I got to my camping spot right on time Friday night.  The weather report said it would be going down to 40 that night with a high of 70 the next day.  We're under a burn ban here in Texas, so no campfires allowed, but I was undeterred.  If growing up in Pittsburgh, Pa taught me nothing else, I can handle the cold weather.  I started to get all my gear together which brings me to my first Don't Be a Bonehead Like Me Lesson of the weekend:  Broadheads are sharp.  You'd think this would be a no-brainer, but tell that to the ugly gash on my left thumb.  I wasn't paying close enough attention when screwing the broadhead onto my arrow and dug it in pretty good.  This brings me to Don't Be a Bonehead Lesson Two:  Always pack a first aid kit.  Luckily I wasn't a bonehead on this one and it saved me a trip into town.  The cut was VERY deep so it took awhile for the bleeding to stop.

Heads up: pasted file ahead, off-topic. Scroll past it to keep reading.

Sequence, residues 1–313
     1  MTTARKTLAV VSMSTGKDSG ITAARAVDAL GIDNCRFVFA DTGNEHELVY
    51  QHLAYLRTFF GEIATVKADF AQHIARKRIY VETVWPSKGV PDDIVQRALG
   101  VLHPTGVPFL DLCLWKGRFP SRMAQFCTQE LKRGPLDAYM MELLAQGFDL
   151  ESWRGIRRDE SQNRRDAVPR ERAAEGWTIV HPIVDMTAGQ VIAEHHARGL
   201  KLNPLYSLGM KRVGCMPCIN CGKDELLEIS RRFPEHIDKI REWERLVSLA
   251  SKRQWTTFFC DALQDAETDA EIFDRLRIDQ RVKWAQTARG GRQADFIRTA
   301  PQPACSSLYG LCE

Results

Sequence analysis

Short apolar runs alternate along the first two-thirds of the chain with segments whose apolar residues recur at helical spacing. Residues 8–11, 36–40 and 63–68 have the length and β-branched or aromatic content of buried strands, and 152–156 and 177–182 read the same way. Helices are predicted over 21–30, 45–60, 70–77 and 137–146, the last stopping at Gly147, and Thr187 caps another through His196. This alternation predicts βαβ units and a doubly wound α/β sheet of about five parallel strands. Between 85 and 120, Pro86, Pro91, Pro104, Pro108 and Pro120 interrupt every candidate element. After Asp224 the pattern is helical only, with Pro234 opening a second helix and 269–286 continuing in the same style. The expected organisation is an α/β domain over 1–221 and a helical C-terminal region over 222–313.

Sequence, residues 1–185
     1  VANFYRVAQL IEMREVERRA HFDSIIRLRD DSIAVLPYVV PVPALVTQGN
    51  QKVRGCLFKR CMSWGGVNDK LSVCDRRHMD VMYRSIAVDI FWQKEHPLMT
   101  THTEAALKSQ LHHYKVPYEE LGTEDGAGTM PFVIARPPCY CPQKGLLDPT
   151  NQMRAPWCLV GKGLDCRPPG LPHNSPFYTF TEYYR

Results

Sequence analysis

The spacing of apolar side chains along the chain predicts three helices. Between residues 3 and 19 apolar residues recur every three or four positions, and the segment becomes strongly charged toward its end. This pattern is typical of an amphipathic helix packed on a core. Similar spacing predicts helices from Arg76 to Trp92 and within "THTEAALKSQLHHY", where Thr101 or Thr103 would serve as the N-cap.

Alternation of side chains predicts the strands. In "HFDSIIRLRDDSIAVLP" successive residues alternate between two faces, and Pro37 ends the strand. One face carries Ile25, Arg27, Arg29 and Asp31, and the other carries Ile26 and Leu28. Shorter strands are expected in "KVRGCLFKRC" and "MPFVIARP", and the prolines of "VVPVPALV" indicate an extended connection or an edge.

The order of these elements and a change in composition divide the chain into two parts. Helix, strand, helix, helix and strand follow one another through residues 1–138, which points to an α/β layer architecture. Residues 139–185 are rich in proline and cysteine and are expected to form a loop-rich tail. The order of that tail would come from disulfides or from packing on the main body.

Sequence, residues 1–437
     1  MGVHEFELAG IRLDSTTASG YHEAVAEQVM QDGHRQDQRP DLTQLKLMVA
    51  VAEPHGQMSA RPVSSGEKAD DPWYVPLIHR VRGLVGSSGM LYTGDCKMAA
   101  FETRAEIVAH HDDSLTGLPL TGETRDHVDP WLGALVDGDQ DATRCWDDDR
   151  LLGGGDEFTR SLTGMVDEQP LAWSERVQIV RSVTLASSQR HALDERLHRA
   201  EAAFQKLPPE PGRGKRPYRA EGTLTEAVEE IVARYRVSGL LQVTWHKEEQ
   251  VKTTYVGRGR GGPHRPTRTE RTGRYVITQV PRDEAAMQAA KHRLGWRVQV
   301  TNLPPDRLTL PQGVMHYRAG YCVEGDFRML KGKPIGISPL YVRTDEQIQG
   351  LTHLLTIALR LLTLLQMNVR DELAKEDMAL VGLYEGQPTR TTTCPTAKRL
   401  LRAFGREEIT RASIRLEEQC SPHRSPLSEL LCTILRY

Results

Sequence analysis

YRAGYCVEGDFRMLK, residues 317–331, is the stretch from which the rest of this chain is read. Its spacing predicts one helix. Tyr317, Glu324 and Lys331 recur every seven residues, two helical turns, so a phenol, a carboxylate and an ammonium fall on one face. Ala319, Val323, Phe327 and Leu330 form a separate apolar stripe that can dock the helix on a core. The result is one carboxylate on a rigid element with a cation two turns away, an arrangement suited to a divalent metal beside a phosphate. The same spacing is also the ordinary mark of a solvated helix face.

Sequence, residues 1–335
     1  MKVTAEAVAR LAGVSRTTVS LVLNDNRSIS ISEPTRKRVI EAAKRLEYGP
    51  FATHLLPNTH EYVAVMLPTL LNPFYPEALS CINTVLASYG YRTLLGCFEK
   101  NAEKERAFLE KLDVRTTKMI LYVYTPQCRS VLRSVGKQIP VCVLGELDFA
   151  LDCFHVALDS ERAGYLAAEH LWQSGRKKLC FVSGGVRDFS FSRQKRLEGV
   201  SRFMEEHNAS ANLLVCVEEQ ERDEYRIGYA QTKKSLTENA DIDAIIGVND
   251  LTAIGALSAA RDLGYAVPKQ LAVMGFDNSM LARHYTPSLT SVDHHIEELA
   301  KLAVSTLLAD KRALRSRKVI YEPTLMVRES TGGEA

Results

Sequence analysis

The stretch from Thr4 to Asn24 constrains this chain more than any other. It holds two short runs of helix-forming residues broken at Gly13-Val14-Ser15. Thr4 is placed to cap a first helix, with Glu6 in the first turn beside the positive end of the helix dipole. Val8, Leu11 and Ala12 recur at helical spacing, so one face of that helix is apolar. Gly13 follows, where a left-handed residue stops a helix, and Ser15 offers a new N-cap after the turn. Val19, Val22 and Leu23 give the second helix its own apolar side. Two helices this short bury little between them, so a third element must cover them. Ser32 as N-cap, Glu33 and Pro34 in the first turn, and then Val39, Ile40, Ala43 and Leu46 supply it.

So here I am with a big, thick pressure bandage on my thumb while trying to and assemble my tree stand.  Don't be a Bonehead Lesson Three:  Assemble all your equipment before you get to camp.  Luckily I had all the tools that I needed, but I had no idea that the stand would require so much assembly before use.  I was all excited about getting into the woods and hunting but unfortunately spent most of my night trying to interpret the cryptic assembly instructions.  I was pretty proud of myself when I finally got it all together and strapped on my pack.  On public land in Texas you can't leave a stand up for more than 72 hours so I have to pack my stand in every weekend.  Some tree stands, like the one I was using, come with backpack straps.  They're not the most comfortable things in the world so if you're going to be hiking very far, I'd suggest picking up some seatbelt pads or foam pipe lining to wrap around the straps.  I used bungee cords to attach my gear pack to the frame of the stand and they worked really well.  It's also important to remember with a metal stand like this, to secure all of the straps so the metal buckles don't bang around when you're walking into your spot.  You want to be as quiet as possible.